There are many steps in between all these, of course. Kernel logs, kernel configs, troubleshooting, recovery, etc.

You will need to have a linux machine suitable for building linux kernels. It doesn't matter if you have a dedicated machine for it, a "dual boot" system, or even if you run it in a virtual machine. (It just so happens that I typically run it in a VM.) We aren't building the entire linux system, just the kernel, so you won't need 50GB of free drive space. No, I don't know exactly how much space you'll need. Plan on 15GB and you should be fine. You'll have to know what adb is, have it installed, AND have it working. That's something I won't walk anyone through - there are plenty of tutorials on the web for it and if you can't get that basic part done without help, you should consider just using your android phone and not developing with it. Really, "adb" is a fundamental android tool and is worth understanding even if you don't want to tinker with kernels.

You will need to have some tools (a toolchain) installed.. However, we'll get to that a bit later. There are MANY prebuilt toolchains floating around, and there's no reason not to take advantage of them. A text editor on that linux machine will be useful. I won't make any particular suggestions, but if you have no idea what to use, "gedit" is a servicable editor, is included in most linux distros, and is good enough.

Keep in mind that I have a real life outside of XDA. A full time job, a wife, two kids (7 & 9) and my own hobbies. There might be significant delays between "chapters" of this HOWTO. There's really nothing I can do about that. It's life.

What do I expect to get out of this? I expect that people LEARN methods, ideas and concepts... and that we DISCUSS and SHARE development. I'm freely giving my knowledge and the lessons I've learned, so I expect that people who learn from it will also give that knowledge freely to others. If this thread gets you going with building kernels and you figure out how to solve some problem as a result, I expect that you'll share that solution just as freely. I expect that when you start building kernels for other devices, you don't bribe people with "extra features" if they give you money. I expect that you give back to the open source community what the open source community is giving you - with interest.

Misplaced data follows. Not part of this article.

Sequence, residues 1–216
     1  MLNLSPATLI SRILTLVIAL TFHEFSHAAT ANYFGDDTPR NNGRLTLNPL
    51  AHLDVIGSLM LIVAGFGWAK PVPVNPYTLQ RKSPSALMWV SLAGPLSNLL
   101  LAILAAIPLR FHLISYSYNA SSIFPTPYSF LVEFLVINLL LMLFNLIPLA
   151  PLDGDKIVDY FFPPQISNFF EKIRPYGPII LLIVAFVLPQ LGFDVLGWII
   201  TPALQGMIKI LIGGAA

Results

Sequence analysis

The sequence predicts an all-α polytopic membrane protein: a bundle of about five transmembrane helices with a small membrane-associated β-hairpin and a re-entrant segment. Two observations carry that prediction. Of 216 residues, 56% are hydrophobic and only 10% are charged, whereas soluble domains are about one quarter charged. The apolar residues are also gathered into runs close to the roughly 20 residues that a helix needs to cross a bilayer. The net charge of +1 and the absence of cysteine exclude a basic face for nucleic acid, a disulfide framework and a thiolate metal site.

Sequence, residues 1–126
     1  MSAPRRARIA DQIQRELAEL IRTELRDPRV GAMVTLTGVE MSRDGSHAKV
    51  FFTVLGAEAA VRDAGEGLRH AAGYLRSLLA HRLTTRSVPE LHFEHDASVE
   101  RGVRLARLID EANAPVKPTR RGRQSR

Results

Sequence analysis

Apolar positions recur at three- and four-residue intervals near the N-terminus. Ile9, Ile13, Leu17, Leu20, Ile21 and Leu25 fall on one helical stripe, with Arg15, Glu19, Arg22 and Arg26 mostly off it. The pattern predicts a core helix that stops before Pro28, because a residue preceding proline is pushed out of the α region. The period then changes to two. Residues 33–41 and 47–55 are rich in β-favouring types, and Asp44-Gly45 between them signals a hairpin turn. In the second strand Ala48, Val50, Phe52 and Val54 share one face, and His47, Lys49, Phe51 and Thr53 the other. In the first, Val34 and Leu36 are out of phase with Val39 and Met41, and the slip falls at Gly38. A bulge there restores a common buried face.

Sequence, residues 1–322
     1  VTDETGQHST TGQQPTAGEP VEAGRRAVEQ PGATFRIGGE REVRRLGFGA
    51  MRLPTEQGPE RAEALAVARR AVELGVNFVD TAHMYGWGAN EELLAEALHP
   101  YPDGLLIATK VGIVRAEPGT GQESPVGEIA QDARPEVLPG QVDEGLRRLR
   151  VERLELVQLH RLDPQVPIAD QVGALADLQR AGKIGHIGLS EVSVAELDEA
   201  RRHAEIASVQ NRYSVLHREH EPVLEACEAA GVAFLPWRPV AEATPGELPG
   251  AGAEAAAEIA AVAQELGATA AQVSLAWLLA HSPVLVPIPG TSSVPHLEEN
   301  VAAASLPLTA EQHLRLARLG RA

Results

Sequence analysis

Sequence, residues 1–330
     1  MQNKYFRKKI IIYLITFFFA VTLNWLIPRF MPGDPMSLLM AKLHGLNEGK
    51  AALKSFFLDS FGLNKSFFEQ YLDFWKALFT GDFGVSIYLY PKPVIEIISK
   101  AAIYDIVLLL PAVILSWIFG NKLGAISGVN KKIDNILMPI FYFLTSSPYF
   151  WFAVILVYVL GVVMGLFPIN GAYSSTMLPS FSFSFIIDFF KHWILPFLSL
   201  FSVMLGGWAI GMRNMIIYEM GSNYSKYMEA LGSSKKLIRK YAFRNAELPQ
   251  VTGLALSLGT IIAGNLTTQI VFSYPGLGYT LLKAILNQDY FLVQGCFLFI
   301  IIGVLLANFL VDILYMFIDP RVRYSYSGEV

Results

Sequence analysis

Why am I doing it and What am I getting out of it myself? I'm not completely sure, to be honest. Chances are very high that I'll get extremely frustrated from doing this and regret it. On the other hand, I hope I'll learn from the experience and that I'll learn from the people who participate in the thread. I don't care what you currently do or don't know - there's always something I can learn from you.

I also have to admit that I'm doing this because I'm tired of seeing the "development" subforums on XDA looking like app stores with support threads instead of places where people share and discuss development.
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16th November 2012, 05:46 PM |#2  
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The Build Machine
A short note: There might be some confusion about the use of the "cd" command without any parameters found in a few places. These are intentional, and have the effect of "change to the user home directory." I often use these before creating a new directory to ensure I'm creating it in a "known" location.

The build machine, as I mentioned earlier, should be a linux machine. For the sake of simplicity, (and because I'm too lazy to explain each and every possible program you'll need, how to get it from each linux distro, etc) I'm going to suggest that you follow Google's instructions for setting up your environment. Not only will this ensure you have everything required (except for adb and a toolchain), but also help me to know what kind of system I'm helping with. More advanced users might want to ignore this and set up their own build environment. That's fine too - but please don't ask me to help with it later.